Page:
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Biblical Delebs

This week, 60 Minutes ran a piece on firms that represent delebs:  dead celebrities.  Turns out there’s a big business in merchandising Elvis, James Dean, Marilyn Monroe, and the most recognizable face of our time, Albert Einstein.


As one firm explained, it’s a lot easier to make money on dead celebrities than the living.  There’s no need for damage control after your client goes into rehab, tweets something stupid around the globe, or steals Taylor Swift’s moment in the spotlight.  Marilyn Monroe’s agent doesn’t have to worry that Ms. Sexy willl get fat or wrinkled.  James Dean’s doesn’t lose sleep wondering how to repackage Mr. Rebellious if a stroke leaves him in need of round-the-clock care. Both have ceased being moving, changing human beings and have been reduced to a one word brand.

In some ways, the same is true for biblical characters: dead and reduced to single-word attributes.  Abraham the Faithful.  Jacob the Trickster. Jephthah’s daughter the Victim.  Ruth the Loyal. Daniel the Faithful. Thomas the Doubter.  Peter the Hothead. Mary Magdalene the Fallen.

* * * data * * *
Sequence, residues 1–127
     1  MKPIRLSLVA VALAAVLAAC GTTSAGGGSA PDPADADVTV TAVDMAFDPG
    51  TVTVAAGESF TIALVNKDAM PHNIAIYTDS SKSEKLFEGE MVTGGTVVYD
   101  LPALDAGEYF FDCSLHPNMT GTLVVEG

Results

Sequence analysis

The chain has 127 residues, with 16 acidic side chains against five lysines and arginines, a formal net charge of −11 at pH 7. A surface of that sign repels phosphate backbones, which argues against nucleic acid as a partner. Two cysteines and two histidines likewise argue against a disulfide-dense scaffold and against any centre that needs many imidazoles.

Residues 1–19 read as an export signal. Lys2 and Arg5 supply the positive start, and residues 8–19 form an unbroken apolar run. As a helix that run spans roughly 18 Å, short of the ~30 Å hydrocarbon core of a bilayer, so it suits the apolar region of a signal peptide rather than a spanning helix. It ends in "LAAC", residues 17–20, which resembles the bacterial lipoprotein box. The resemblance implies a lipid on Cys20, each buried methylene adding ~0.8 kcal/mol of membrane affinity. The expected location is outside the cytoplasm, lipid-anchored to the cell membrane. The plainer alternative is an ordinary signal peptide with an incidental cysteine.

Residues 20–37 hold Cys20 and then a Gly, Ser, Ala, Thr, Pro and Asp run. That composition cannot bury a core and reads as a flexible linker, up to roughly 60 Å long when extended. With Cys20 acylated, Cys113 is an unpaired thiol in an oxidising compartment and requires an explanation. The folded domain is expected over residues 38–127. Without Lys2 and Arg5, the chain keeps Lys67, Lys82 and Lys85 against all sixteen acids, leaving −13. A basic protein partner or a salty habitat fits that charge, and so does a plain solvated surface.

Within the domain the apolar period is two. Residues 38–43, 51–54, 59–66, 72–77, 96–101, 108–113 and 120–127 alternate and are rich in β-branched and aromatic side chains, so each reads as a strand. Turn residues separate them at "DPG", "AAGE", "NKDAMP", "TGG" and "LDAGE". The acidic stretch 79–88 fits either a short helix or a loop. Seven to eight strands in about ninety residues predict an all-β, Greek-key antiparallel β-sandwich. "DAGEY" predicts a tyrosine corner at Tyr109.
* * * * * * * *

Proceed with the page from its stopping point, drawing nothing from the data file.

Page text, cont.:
But biblical characters have some things going for them that most delebs don’t.  One, a lot of people really, really care about the “real” story of their lives.  Biblical scholars and fiction writers make careers pitching new biographies of the biblically famous, trying to change people’s minds about Moses and Jesus and Mary Magdalene. Moreoever, these delebs come to us through books, in stories. They may have been real people (some, maybe not) but they are primarily literary characters, ones that can be discussed and argued about.  Readers have a way of always finding something new in stories, finding new connections between the words on the page and their own lives.